How much cash can you get with a refinance?
Cash-out refinancing is a popular way to use the equity in your home to borrow the funds you need. It’s also a great way to improve your existing mortgage’s interest rate and negotiate for better terms, such as decreased monthly payments or fewer interest charges over the life of the loan.
When national prime interest rates drop, home owners may find refinancing for better rates an attractive option.
How much cash you can get with a refinance depends on how much is still owed on your current mortgage, how much your house is appraised for and what loan-to-value ratio (LTV) your lender will approve (typically a loan of 80% of the value of your home).
Discover® Home Loans has a Cash-Out Refinance Calculator that gives you a quick and easy way to see how much cash may be available to you through a cash-out refinance.
How a traditional mortgage refinance works
In a traditional refinance (known as rate-and-term refinance), you pay off your current mortgage loan with a new mortgage loan that offers better rates or terms. With a traditional refinance, you’re not borrowing any additional money, although you can consolidate two mortgage payments into one mortgage.
The main reasons people refinance their mortgage is to:
- Obtain a better interest rate,
- Reduce monthly payments by extending the repayment terms,
- Reduce interest charges by shortening repayment terms, or
- Convert a variable rate to a fixed rate or vice-versa.
Discover has a Mortgage Refinance Calculator that can easily show you how much money you can save when refinancing your mortgage.
How a cash-out refinance works
A cash-out refinance achieves the same goals as a refinance: adjusting the repayment terms or interest rates of your original mortgage. Additionally, if you have sufficient equity in your home, you can borrow more cash to use for almost any purpose with the same loan.
So, a cash-out refinance does two things:
- It pays off your existing mortgage and
- It lets you borrow cash to use for almost any purpose.
For example, if you’re approved for a $300,000 cash-out refinance and you still owe $100,000 on your current mortgage—including any second mortgage and home equity loans—then $100,000 will pay off your original mortgage lender and you’ll have $200,000 in equity. Lenders generally lend up to 80% of your equity, so you will have up to $160,000 in the example provided available to borrow.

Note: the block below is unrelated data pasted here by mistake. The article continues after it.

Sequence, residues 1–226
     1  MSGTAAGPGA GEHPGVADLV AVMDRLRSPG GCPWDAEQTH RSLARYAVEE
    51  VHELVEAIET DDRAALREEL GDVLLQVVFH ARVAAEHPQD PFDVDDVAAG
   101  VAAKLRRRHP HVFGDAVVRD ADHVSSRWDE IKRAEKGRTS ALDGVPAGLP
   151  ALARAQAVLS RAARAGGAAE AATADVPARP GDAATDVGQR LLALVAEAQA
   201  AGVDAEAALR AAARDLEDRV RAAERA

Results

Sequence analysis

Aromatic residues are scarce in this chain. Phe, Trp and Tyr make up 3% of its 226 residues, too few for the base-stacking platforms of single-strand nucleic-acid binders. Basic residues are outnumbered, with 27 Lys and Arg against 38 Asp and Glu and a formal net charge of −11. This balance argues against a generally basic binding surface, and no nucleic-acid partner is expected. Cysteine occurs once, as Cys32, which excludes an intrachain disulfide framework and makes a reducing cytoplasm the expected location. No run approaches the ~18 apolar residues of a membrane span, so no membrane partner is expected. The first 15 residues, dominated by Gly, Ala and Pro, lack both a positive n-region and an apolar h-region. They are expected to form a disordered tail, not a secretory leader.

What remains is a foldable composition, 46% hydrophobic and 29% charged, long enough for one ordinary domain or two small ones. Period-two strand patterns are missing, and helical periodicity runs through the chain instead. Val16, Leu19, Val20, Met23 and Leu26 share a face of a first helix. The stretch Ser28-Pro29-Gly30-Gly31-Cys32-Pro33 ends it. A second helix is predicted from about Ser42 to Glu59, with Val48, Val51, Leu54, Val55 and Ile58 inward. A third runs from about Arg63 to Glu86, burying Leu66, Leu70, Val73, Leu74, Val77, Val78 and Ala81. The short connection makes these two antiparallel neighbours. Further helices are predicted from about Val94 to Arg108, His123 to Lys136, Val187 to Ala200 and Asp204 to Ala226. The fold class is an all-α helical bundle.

The cash you receive through the cash-out refinance can be used for almost anything. Some common reasons for cash-out refinancing include:
- Home renovations
- Tuition costs
- Emergency expenses
- Consolidating high-interest debt
Because you’re taking out cash on top of your mortgage, the total amount of your loan will increase when compared to your original mortgage loan.
LTV impacts how much you can get with a cash-out refinance
Your loan-to-value ratio (LTV) impacts how much money you can get through a cash-out refinance. LTV combines the total amount remaining on existing home loans:
- The debt remaining on your original mortgage,
- Any debt from additional home equity loans or home equity lines of credit,
- The amount you intend to borrow through your cash-out refinance.
And divides that sum by the appraised value of your home.
LTV gives lenders an idea of your ability to take on new debt through a cash-out refinance or home equity loan. Discover Home Loans allows you to use a cash-out refinance for amounts that are under 90% of your LTV.
You can use the formula below to determine how much money you’d be eligible for or use a Discover Home Loan Cash-Out Refinance Calculator to learn how much cash you can get with a cash-out refinance.
How to calculate cash out refinance
If you have two mortgages on your home (an original mortgage balance of $100,000 and a home equity loan for $50,000) and your home is worth $300,000, your combined loan-to-value ratio is 50%:
- Combined loans: $100,000 + $50,000 = $150,000
- Value of your home: $300,000
- Combined loan-to-value ratio: $150,000 ÷ $300,000 = 0.50 (50%)
Discover Home Loans accepts CLTV and LTVs less than 90% of your home’s appraised value. With an appraised home value of $300,000, the maximum amount of combined loans you can withdraw from your home’s equity is $270,000:
$300,000 x 0.899 = $269,700
If you take the remaining balance you owe on your home ($150,000) and subtract that from the maximum combined loan amount ($270,000), you can see how much cash is available to you through a cash-out refinance:
$269,700 − $150,000 = $119,700
You can also use a Discover Home Loan cash-out refinance calculator, to determine whether cash out refinancing is right for you and what your mortgage rate might be after you refinance.